This has all become possible in recent years thanks to a proliferation of websites that allow nonprofits, artists, musicians — and yes, businesses — to raise money. This is the social media version of fundraising.

There are more than 600 crowdfunding platforms around the world, with fundraising reaching billions of dollars annually, according to the research firm Massolution.

Related: Crowdfunding’s Growth Spurt Going Strong

How it works: The most common type of crowdfunding fundraising is using sites like Kickstarter and Indiegogo variety, where donations are sought in return for special rewards. That could mean a free product or even a chance to be involved in designing the product or service.

It is also possible to use crowdfunding to assemble loans and royalty financing. The site LendingClub, for example, allows members to directly invest in and borrow from each other, with the claim that eliminating the banking middleman means “both sides can win” in the transactions. Royalty financing sites appear to be rarer, but the idea is to link business owners with investors who lend money for a guaranteed percentage of revenues for whatever the business is selling.

The holy grail is to sell company shares or ownership stakes in the company on crowdfunding sites because it could be like a mini-IPO without the traditional hurdles. In the past, this has only been legal with accredited investors, people who each have more than $1 million in net worth or more than $200,000 in annual income.

The good news is that the Jumpstart Our Business Startups Act of 2012 allows the stock to be sold to the general public over crowdfunding sites, but as of mid-2013, the SEC was still hammering out the rules.

Related: 3 Rules for Successful Crowdfunding

Upside: Crowdfunding provides another strategy for startups or early-stage companies ready to take it to the next level — such as rolling out a product or service. Before, a business owner was subject to the caprices of individual angel investors or bank loan officers. Now it is possible to pitch a business plan to the masses.

A successful crowdfunding round not only provides your business with needed cash but creates a base of customers who feel as though they have a stake in the business’ success.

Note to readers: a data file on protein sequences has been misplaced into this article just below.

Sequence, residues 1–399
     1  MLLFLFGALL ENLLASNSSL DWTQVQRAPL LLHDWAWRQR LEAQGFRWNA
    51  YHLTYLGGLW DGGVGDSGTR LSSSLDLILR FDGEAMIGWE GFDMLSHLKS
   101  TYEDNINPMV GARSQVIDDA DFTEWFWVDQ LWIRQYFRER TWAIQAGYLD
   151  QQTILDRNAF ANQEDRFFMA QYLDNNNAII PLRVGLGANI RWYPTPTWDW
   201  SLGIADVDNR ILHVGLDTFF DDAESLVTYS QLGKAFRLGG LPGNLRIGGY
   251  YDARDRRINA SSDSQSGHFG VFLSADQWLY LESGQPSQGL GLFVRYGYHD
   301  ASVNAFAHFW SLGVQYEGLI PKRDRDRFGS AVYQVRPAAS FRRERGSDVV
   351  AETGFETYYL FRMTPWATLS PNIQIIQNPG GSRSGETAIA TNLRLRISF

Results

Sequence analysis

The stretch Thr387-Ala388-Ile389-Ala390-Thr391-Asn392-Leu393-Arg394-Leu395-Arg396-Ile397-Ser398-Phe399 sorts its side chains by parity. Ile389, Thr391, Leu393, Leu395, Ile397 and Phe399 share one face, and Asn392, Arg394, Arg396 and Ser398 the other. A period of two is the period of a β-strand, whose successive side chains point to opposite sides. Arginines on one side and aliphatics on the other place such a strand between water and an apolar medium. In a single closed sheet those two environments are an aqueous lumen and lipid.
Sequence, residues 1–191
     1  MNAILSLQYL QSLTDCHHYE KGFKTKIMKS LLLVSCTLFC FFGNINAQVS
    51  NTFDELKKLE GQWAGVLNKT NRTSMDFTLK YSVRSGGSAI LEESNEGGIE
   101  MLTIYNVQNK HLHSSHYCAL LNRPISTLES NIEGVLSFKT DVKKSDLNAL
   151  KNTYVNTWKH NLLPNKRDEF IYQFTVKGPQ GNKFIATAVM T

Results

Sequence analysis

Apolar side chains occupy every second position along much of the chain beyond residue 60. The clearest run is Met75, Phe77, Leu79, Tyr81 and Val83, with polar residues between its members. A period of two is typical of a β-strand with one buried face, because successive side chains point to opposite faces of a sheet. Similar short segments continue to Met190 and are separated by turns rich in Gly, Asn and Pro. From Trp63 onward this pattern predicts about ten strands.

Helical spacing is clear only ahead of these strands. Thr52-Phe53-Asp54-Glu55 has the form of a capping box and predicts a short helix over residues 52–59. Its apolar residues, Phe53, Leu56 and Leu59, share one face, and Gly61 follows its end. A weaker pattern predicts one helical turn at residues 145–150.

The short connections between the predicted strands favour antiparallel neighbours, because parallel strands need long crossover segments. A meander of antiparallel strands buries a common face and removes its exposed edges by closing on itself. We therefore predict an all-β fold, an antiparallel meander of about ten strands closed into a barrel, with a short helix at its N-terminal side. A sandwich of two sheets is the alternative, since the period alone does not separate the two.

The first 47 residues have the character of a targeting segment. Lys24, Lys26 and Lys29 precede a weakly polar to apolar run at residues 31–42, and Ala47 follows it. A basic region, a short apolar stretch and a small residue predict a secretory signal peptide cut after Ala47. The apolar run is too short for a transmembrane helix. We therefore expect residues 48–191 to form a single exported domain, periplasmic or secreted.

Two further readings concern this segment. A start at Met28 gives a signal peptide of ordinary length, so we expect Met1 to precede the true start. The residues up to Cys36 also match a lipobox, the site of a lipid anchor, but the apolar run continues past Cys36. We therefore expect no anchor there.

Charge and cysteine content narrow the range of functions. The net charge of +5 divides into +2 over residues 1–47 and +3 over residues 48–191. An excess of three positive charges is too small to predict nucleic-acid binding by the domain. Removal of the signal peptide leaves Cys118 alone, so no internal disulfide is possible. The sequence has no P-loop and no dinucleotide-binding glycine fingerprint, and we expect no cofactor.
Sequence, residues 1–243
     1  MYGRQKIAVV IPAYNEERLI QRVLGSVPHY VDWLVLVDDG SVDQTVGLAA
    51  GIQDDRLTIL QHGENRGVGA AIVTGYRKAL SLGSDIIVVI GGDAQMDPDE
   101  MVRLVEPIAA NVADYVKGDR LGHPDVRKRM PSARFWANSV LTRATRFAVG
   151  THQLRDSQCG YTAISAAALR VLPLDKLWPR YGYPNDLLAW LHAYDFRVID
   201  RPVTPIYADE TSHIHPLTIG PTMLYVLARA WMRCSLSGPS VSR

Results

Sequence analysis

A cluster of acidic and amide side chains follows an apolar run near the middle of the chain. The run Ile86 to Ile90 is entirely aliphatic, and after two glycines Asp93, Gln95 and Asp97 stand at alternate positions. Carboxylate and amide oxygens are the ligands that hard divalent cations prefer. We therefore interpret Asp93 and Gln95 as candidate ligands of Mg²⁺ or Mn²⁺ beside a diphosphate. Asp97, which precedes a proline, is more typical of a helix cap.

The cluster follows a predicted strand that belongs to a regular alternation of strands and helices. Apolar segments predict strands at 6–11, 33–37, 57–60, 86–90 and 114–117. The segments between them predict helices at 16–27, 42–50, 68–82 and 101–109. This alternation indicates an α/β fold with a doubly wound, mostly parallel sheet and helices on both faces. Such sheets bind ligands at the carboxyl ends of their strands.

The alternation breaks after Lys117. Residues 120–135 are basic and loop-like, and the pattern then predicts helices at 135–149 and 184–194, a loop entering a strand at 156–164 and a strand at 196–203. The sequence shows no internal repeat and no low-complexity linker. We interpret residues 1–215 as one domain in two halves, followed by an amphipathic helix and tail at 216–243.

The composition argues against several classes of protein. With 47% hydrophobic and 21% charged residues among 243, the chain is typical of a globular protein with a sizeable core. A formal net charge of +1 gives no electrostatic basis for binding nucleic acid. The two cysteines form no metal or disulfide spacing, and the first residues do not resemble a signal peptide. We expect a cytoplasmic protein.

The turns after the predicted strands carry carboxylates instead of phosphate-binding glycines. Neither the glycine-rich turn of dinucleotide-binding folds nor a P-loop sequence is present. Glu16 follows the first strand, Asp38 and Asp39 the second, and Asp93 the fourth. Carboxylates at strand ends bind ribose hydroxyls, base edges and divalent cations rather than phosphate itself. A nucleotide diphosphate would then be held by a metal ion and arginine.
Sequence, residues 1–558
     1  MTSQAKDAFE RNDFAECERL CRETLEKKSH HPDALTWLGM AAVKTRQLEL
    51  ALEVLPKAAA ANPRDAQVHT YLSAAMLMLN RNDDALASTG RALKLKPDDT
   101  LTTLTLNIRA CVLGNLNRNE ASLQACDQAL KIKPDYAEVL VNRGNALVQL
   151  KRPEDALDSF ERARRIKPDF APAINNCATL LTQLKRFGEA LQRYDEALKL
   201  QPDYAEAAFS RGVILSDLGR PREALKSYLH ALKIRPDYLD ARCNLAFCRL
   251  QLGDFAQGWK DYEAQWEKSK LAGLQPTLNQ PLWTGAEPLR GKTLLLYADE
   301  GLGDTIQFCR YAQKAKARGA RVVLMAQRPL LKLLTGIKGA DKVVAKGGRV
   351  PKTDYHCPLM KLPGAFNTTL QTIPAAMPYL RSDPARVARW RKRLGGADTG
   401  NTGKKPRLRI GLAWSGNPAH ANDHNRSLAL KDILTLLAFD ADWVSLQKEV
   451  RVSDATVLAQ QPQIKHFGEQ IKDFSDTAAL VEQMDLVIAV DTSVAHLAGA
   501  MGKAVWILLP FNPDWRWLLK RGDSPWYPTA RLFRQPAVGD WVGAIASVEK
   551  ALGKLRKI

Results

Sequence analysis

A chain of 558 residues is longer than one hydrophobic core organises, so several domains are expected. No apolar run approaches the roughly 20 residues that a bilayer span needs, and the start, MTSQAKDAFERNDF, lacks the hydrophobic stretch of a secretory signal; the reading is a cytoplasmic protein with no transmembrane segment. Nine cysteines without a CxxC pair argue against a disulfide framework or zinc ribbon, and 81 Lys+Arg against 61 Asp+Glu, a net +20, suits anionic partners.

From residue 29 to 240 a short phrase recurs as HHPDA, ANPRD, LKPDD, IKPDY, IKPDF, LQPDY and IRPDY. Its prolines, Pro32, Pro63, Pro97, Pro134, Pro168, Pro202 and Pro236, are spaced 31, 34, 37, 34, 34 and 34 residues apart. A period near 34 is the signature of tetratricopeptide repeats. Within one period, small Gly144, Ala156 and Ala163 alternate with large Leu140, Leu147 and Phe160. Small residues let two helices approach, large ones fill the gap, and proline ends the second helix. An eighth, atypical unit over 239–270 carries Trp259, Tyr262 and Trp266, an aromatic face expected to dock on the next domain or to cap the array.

Related: Raising Money Through Crowdfunding? Consider These Best Practices For Success

Downside: If you don’t have an engaging story to tell, then your crowdfunding bid could be a flop. Sites such as Kickstarter don’t collect money until a fundraising goal is reached, so that’s still a lot of wasted time that could have been spent doing other things to grow the business.

It could be even worse if you meet your goal but then realize you underestimated how much money you needed. A business can risk getting sued if it promises customers products or perks in return for donations, and then fails to deliver.

There is also an argument to be made that angel investors and even bank officers provide more than just money. They provide entrepreneurs with needed advice. Business owners miss out on such mentorship when they ignore traditional investors and turn to the crowd.

Here are more factors that can better ensure a successful crowdfunding campaign:

  • Have at least a small network of enthusiastic friends and family willing to help get the ball rolling by giving and urging others to give.
  • If you’re giving out perks in return for money, make sure the perks are cool.
  • Present a serious business plan and an explanation of why the money will take your enterprise to the next level.
  • Demonstrate that you have your own skin in the game because of the personal funds you have already poured into the business.
  • Include a video pitch and keep it short and concise, with a call to action.
  • PBS includes different rewards for different levels of giving; so should you.
  • Be prepared to essentially live online, staying active on social media sites, until the crowdfunding campaign is complete.